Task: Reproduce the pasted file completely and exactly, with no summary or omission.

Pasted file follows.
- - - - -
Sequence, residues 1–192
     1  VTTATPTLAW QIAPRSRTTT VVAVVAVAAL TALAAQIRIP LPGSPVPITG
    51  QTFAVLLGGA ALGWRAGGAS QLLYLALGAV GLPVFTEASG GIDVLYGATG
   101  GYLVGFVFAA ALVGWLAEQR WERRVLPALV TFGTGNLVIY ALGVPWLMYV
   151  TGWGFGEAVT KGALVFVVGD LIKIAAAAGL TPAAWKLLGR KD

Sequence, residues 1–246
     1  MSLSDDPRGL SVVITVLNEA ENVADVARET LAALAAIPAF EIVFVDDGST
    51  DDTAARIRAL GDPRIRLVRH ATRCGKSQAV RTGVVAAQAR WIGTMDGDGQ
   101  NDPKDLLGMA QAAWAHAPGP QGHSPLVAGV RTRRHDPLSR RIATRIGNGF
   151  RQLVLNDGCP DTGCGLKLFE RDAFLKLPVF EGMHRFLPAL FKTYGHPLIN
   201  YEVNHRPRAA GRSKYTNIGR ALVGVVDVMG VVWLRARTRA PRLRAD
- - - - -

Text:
Sequence, residues 1–192
     1  VTTATPTLAW QIAPRSRTTT VVAVVAVAAL TALAAQIRIP LPGSPVPITG
    51  QTFAVLLGGA ALGWRAGGAS QLLYLALGAV GLPVFTEASG GIDVLYGATG
   101  GYLVGFVFAA ALVGWLAEQR WERRVLPALV TFGTGNLVIY ALGVPWLMYV
   151  TGWGFGEAVT KGALVFVVGD LIKIAAAAGL TPAAWKLLGR KD

Sequence, residues 1–246
     1  MSLSDDPRGL SVVITVLNEA ENVADVARET LAALAAIPAF EIVFVDDGST
    51  DDTAARIRAL GDPRIRLVRH ATRCGKSQAV RTGVVAAQAR WIGTMDGDGQ
   101  NDPKDLLGMA QAAWAHAPGP QGHSPLVAGV RTRRHDPLSR RIATRIGNGF
   151  RQLVLNDGCP DTGCGLKLFE RDAFLKLPVF EGMHRFLPAL FKTYGHPLIN
   201  YEVNHRPRAA GRSKYTNIGR ALVGVVDVMG VVWLRARTRA PRLRAD